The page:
There Is This Thing Called “Humility”

Some of you read the title of this post and wondered if you could bear anything about such a dated topic. Indeed one rarely, if ever, hears this word used in today’s world. I don’t know about you but whenever I rediscover an aspect of character so under-represented, it peaks my interest! Maybe here is a real clue to the sorry shape we’re in!

As I prepared material recently for a session on godly parenting, I ran across the link between humility and obedience in children. To parents, obedience in their offspring is a desirable thing. Correct discipline always teaches the wisdom of compliance as its end. But true obedience must be built through humility and respect rather than demanded through sheer authority. I’m sure you have heard about the child who was put in time out–made to sit on his chair in the corner–who stated “I may be sitting on the outside but I’m standing up on the inside.” Compliance alone is obviously not enough. Parents who deal with their children on such a surface level will not find a chair nor a corner that will suffice very long. They haven’t touched the heart of the problem.

This isn’t just a parenting issue. It is at the heart of how we see ourselves in relationship to God. Humility always precedes real obedience in the life of a Christian. You simply will not welcome His rightful position of authority if you are standing up on the inside. Humility is getting to the end of oneself, and you won’t be standing (figuratively speaking, of course) when that happens. It is interesting that “getting to the end of oneself” is also the main component in repentance.

You know if anyone ever learned anything about humility, it would be the Apostle Peter. Peter the Bold had a fairly lofty opinion of himself. He was a “can do” kind of person, always entertaining the challenge. Many positive words would describe his zeal but “humble” wasn’t on his radar at all, until that is, he learned humility when he saw his Savior die. Pride died for Peter that night too!

Evidence of this change is in the wisdom he shares in I Peter 5:5b-7:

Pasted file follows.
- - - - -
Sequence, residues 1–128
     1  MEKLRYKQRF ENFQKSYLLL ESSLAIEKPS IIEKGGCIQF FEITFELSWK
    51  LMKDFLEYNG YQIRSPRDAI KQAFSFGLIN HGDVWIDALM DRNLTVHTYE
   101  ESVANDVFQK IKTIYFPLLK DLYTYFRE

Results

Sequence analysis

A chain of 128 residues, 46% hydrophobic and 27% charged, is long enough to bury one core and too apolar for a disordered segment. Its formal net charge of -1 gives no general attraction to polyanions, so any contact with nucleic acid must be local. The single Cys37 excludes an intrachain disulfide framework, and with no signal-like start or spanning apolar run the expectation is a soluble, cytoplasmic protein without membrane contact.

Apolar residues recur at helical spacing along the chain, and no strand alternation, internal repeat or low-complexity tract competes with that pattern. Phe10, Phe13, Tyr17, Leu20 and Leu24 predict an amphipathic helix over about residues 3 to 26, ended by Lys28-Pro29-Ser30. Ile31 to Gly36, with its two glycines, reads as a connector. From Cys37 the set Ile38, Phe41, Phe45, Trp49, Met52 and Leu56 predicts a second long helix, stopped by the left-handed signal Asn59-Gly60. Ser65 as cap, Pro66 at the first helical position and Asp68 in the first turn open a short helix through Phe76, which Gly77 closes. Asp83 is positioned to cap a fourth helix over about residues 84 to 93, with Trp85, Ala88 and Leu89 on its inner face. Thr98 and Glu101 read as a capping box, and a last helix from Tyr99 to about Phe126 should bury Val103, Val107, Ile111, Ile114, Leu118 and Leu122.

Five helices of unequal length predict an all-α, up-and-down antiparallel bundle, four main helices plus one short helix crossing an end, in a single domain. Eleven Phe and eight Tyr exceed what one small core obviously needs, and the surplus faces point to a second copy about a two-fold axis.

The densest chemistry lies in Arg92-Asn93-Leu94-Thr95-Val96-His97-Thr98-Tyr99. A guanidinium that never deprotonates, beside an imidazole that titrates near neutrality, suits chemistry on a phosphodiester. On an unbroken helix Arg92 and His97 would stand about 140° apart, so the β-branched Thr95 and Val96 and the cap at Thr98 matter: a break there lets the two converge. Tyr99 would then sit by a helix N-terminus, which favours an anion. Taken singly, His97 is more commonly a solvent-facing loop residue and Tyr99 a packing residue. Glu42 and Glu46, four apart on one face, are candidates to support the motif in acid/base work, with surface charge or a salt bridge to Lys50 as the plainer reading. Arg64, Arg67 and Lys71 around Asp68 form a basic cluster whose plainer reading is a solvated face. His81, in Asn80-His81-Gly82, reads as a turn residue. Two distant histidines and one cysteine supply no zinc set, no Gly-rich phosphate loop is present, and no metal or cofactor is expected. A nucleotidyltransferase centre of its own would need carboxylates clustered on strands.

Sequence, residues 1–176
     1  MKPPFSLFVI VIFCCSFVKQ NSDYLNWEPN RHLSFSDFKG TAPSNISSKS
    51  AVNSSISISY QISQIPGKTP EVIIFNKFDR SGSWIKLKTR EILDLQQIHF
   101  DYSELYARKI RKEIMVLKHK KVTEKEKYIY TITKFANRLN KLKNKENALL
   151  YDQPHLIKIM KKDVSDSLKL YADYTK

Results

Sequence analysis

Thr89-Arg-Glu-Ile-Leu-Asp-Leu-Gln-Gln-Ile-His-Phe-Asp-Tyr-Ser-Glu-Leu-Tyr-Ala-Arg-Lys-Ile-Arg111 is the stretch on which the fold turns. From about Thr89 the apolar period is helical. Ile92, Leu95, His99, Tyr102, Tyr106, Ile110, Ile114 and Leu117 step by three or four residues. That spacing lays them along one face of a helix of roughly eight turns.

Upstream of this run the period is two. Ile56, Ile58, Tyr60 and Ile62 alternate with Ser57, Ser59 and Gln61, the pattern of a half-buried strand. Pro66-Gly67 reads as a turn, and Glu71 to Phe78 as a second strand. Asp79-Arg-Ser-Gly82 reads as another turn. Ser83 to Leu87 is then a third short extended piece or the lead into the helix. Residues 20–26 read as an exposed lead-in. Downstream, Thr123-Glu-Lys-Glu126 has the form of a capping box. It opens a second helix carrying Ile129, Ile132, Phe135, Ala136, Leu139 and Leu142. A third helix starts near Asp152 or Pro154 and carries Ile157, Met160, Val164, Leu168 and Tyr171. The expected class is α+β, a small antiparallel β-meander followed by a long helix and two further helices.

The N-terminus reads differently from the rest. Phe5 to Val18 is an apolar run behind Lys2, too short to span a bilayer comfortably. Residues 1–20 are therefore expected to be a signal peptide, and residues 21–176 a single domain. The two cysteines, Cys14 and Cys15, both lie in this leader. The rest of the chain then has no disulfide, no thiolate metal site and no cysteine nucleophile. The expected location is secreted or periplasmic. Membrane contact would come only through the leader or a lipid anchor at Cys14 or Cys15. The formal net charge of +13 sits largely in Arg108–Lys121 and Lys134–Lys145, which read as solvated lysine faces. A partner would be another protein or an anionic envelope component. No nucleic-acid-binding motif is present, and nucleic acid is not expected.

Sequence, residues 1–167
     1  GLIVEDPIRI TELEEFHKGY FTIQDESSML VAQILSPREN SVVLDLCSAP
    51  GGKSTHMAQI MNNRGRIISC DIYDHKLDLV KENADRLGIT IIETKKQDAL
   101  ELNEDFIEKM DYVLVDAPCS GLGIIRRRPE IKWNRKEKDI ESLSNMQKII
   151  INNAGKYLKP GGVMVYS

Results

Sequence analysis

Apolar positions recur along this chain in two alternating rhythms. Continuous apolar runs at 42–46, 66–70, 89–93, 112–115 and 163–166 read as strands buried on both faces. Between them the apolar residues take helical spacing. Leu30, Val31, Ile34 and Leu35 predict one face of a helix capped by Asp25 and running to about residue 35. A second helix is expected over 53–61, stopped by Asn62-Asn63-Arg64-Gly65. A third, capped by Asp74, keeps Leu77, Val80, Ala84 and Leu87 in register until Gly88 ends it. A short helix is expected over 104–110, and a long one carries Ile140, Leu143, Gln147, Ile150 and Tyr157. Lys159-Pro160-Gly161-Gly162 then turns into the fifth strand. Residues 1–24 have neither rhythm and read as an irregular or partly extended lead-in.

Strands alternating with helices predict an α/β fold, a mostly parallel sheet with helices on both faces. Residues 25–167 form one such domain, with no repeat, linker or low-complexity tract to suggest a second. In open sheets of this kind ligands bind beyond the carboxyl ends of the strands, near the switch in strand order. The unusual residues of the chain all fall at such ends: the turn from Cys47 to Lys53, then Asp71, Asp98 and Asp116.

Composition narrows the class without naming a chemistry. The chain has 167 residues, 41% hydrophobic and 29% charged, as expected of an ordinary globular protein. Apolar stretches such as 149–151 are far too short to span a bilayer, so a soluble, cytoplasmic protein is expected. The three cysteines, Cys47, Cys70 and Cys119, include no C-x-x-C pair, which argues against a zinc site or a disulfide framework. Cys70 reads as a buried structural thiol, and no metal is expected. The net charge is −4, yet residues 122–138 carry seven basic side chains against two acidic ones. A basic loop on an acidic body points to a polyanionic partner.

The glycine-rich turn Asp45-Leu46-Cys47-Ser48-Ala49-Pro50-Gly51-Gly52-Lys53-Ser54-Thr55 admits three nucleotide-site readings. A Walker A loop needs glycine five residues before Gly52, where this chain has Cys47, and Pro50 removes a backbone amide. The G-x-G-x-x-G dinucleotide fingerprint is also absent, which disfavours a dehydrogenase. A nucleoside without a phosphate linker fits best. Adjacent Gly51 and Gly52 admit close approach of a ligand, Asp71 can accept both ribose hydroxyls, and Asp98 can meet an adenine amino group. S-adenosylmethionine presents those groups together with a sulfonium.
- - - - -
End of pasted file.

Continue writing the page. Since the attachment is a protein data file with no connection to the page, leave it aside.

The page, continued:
” ‘God opposes the proud but gives grace to the humble.’ Humble yourselves, therefore, under God’s mighty hand, that he may lift you up in due time. Cast all your anxiety on him because he cares for you.”

Peter begins by teaching a truth: Pride puts us in opposition to God.
In such a position you will always lose. By contrast, grace gives us access to all of God’s divine resources. In such a position you will always win!

The rest of the scripture advises us how to wisely respond to that truth. Humility, the opposite of pride, is the correct position before Almighty God. God’s mighty hand is symbolic of His sovereignty. We are to place ourselves “under” His control, bringing all of the questions and concerns we have about life. At the risk of pointing out the obvious, “under” is a lowered position. We are called to take the figurative pose of one who is weary of the battle and happy to surrender.

From that position of self-defeat, the great exchange happens. We give Him knowledge of our own insufficiency and He gives us everything we lack.

I don’t know about you but sometimes it feels good to throw things away. I was cleaning up my office recently and filled up two large trash bags with junk mail and old printouts that had taken up space on my desk for far too long. But the difference between cleaning up my office and the freedom that comes through our dependent life in Christ is clear as well.

A clean office doesn’t give me peace because the projects remain. The pressure to perform is still present, regardless of what the surface of my life looks like to others. I am not up to the challenge and through the eyes of humility I know that is true. God’s grace lifts off my performance-related anxiety. His ability fills me up as He tenderly ministers to my need. I am made complete in Christ!

All God’s children must remember that humility before God is key to receiving anything from Him. Outward obedience is an empty work if it doesn’t reflect a humble heart. Claiming the wonderful promises given in His Word can only be done if one knows they are undeserved blessings. Nothing can be placed in hands already full. . .

May our Lord, who cares so much for His own, renew our strength to live this life in recognition of the goodness of His grace which is sufficient for each new day. Grace & peace to each of you!

Walking in wisdom because of His mercy,
Diane